I have read many of Beatrice’s diaries and find them fascinating. I wonder how many of us have sat and thought something similar to this that she recorded on Saturday 21st July 1888. She writes:
‘I wish I could rid myself of self-consciousness and ambition in all its forms. Life is so short and there is so much that needs doing that it is a sin to waste a thought or a feeling on self. Some days I seem to rise above it, to look down on my own struggle, failures and little successes as something too small and insignificant to be noted, to see it all in proportion to the great currents of life, of all kinds, that surround one.’
Published by Virago in association with the London School of Economics and Political Science.
It was on Wednesday 6th May 1840 that Great Britain issued the world’s first adhesive postage stamp, resulting from reforms by Rowland Hill to simplify and reduce postage costs. It was called ‘The Penny Black’ and the design showed Queen Victoria, without a country name. It laid the foundations for British stamps.
Just in case you forgot – two days ago, on Thursday, May 4th 2017 – self-adhesive stamps today came on sale to the general public for the first time. In future all first and second-class stamp booklets will contain self-adhesive rather than the old-fashioned gummed postage stamps. The new booklets could signal the beginning of the end of “lickable” stamps on sale at British post offices. These new ‘Sticky Stamps’ were introduced after a survey showed a massive 93% of the British public said they would prefer not to lick their stamps. This launch also commemorates the 100th anniversary of the death of Queen Victoria with a special “stamp label” in booklets.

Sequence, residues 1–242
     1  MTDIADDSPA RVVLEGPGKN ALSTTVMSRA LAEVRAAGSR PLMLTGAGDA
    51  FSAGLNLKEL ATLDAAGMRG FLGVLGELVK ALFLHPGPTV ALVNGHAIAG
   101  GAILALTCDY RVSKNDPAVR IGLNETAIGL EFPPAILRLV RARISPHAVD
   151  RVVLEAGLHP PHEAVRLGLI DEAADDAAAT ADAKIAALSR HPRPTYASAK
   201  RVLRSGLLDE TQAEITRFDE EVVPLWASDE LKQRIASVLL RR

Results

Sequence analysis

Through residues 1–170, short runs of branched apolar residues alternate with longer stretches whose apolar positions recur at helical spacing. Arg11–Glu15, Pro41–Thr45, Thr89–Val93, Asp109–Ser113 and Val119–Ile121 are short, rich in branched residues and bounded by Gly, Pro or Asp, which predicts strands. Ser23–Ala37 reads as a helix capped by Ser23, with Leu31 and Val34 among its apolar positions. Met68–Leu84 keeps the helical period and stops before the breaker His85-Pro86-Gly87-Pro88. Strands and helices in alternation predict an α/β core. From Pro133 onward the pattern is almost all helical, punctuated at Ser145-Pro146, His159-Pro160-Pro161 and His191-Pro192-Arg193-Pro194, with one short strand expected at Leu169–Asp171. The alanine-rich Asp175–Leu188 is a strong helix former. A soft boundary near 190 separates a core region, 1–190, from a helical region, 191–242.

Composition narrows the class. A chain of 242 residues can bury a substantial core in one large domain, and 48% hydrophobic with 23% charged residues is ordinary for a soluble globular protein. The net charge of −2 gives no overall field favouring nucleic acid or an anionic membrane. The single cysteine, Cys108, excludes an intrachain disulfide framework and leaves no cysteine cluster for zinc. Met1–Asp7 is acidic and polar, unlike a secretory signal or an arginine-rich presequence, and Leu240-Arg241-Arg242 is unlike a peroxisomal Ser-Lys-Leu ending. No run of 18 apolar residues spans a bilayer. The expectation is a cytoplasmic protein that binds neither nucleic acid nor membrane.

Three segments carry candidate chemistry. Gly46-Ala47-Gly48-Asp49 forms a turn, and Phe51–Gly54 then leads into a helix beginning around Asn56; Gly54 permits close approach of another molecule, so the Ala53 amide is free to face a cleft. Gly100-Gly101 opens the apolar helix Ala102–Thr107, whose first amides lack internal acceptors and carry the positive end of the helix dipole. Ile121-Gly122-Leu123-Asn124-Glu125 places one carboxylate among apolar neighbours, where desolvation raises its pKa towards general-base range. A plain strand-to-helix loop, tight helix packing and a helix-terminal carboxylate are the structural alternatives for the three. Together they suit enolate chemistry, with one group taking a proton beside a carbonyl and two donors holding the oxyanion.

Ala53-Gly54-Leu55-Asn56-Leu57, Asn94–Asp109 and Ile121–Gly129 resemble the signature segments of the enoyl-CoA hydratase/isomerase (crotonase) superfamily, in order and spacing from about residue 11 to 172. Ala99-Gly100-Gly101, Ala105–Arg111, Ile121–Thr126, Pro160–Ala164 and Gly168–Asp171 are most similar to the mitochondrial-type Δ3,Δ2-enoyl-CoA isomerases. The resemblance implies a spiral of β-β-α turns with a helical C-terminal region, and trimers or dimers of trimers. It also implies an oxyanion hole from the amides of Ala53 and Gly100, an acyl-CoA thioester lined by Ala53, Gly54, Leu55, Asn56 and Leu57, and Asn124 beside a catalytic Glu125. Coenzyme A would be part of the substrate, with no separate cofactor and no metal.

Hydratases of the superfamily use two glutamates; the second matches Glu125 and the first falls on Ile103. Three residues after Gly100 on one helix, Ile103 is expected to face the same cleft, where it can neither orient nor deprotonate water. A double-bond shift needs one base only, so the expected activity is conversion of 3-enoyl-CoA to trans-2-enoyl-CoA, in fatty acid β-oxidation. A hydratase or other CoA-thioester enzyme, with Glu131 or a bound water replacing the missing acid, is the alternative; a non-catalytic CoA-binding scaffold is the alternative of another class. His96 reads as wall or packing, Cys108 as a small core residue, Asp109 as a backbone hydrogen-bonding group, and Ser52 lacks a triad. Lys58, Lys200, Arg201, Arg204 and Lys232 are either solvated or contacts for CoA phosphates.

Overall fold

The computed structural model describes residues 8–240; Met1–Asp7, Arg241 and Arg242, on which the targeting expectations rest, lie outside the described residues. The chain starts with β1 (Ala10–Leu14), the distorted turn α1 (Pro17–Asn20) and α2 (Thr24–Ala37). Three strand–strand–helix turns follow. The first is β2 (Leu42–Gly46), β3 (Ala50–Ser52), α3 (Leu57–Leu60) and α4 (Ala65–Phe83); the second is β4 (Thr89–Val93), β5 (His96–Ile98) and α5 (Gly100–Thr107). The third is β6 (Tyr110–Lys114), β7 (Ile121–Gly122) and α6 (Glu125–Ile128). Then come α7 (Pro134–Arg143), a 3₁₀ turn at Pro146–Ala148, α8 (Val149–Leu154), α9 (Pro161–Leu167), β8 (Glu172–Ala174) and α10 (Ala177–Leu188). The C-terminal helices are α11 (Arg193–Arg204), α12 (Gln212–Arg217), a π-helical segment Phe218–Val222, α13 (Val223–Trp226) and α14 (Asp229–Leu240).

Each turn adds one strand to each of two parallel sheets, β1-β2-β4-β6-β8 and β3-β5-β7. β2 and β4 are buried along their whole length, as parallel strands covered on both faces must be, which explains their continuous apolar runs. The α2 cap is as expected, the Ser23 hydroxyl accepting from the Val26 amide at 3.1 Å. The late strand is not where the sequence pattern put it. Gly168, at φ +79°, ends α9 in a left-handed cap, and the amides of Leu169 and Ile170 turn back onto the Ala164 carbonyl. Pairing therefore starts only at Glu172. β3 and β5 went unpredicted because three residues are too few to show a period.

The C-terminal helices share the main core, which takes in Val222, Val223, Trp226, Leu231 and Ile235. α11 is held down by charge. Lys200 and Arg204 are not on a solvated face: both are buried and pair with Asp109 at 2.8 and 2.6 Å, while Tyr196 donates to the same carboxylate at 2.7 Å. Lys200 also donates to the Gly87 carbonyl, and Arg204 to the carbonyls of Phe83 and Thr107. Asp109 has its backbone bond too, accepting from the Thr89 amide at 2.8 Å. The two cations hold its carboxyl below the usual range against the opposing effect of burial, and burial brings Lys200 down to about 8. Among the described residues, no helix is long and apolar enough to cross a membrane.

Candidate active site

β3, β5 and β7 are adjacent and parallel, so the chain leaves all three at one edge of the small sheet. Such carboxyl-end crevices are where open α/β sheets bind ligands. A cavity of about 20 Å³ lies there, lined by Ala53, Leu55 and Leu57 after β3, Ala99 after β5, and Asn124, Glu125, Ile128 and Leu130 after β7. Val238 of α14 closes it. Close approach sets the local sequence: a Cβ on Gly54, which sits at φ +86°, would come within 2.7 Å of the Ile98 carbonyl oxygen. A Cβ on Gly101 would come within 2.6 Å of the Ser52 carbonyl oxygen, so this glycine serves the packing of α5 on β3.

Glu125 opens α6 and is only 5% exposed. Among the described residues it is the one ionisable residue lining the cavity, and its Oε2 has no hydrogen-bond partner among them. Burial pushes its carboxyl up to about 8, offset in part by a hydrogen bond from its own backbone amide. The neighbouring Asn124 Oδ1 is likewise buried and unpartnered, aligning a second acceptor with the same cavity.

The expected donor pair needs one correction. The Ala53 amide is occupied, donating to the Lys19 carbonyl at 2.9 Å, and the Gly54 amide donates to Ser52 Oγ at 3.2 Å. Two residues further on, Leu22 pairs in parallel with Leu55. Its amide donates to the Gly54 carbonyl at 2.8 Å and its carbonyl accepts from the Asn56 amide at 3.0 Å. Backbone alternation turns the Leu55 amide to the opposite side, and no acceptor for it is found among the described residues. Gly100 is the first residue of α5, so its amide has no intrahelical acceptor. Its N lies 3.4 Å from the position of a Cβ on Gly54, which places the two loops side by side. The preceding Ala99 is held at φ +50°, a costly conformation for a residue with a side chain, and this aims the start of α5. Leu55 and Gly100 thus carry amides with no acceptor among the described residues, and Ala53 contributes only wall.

John Ruskin was a leading English art critic of the Victorian era, as well as being an art patron, draughtsman, watercolourist, a prominent social thinker and philanthropist. He wrote on subjects as varied as geology, architecture, myth, ornithology, literature, education, botany and political economy. He also penned travel guides and, on Sunday 23rd April 1876, he wrote a piece about the city of Peterborough:
‘In comfortable room with horriblest outlook on waste garden and vile buildings; Italian architraves in brick of coldest mud colour – cretinous imitation. A Bridewell or Clerkenwell with Genovese cornices travestied! The Cathedral here for a wonder, spared. Bitter black day yesterday so cold I could neither stand to look at it an instance, nor at the beautiful old inn at Stilton. Road here from Cambridge very flat and dull and in the black days, nothing but gloom over distance towards the Wash.’
Not very pleasant but – in 1858 he had opened the Cambridge School of Art. The art school grew to become Anglia Ruskin University, and it’s still at the heart of the modern-day campus in Cambridge. But that was just the beginning – over the years, a number of colleges and institutes have become part of Anglia Ruskin. This now includes the Cambridgeshire College of Arts and Technology and the Essex Institute of Higher Education. At first these colleges combined to become Anglia Polytechnic, and then Anglia Polytechnic University in 1992. It has been known as Anglia Ruskin University since 2005. As well as Cambridge, they have campuses in Chelmsford, London and Peterborough. The campus at Guild House, Peterborough opened in 2011 and is a dedicated healthcare site where they train many of the region’s nurses and healthcare professionals.
It took time but maybe the City is forgiven it’s looks in 1876!